South Tyrol Museum of Archaeology was specifically established in 1998 to house 'Ötzi', a well-preserved natural mummy of a man from about 3300 BC. This is the world's oldest natural human mummy. It has offered an unprecedented view of Chalcolithic (Copper Age) European culture. The world's oldest complete copper age axe was found among his extensive equipment which also comprised a rather complex fire lighting kit and a quiver loaded with twelve arrows, only two of which were finished, clothing and a flint knife complete with its sheath.
The body is held in a climate controlled chamber within the museum at a temperature of -6 Celsius and 98% humidity, replicating glacier conditions in which it was found. Along with original finds there are models, reconstructions and multimedia presentations showing Ötzi in the context of the early history of the southern Alpine region.
Converted from a 19th-century bank building, the museum covers the history and archaeology of the southern Alpine region from the Palaeolithic and Mesolithic (15,000 B.C.) up to 800 A.D. In 2006, the museum hosted an exhibition on the mummies of the Chachapoyas culture.References:
Craigmillar is one of Scotland’s most perfectly preserved castles. It began as a simple tower-house residence. Gradually, over time, it developed into a complex of structures and spaces, as subsequent owners attempted to improve its comfort and amenity. As a result, there are many nooks and crannies to explore.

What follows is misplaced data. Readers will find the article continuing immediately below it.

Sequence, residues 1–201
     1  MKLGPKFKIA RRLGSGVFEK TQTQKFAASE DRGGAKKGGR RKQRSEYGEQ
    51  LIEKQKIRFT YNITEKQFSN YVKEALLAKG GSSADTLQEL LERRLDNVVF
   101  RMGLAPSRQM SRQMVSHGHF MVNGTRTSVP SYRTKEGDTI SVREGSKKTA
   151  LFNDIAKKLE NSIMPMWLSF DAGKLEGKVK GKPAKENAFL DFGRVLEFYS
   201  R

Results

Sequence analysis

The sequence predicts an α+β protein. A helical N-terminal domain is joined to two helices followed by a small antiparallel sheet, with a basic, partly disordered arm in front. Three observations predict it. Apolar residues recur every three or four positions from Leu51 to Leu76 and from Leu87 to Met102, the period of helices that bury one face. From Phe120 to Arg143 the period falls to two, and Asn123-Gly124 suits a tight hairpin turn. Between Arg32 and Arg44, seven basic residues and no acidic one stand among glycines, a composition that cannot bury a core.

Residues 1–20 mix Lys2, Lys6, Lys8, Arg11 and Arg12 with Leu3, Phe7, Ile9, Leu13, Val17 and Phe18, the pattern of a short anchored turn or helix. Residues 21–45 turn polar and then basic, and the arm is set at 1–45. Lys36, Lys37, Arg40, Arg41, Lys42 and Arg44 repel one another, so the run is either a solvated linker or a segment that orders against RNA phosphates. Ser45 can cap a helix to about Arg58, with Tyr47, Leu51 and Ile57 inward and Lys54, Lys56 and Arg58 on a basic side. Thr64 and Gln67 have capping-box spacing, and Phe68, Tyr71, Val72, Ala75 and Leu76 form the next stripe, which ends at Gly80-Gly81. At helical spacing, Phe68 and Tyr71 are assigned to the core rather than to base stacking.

The surrounding gardens and parkland were also important. The present-day Craigmillar Castle Park has fascinating reminders of the castle’s days as a rural retreat on the edge of Scotland’s capital city.
At the core lies the original, late-14th-century tower house, among the first of this form of castle built in Scotland. It stands 17m high to the battlements, has walls almost 3m thick, and holds a warren of rooms, including a fine great hall on the first floor.
‘Queen Mary’s Room’, also on the first floor, is where Mary is said to have slept when staying at Craigmillar. However, it is more likely she occupied a multi-roomed apartment elsewhere in the courtyard, probably in the east range.
Sir Simon Preston was a loyal supporter of Queen Mary, whom she appointed as Provost of Edinburgh. In this capacity, he was her host for her first night as a prisoner, at his townhouse in the High Street, on 15 June 1567. She was taken to Lochleven Castle the following day.
The west range was rebuilt after 1660 as a family residence for the Gilmour family.
The 15th-century courtyard wall is well preserved, complete with gunholes shaped like inverted keyholes. Ancillary buildings lie within it, including a private family chapel.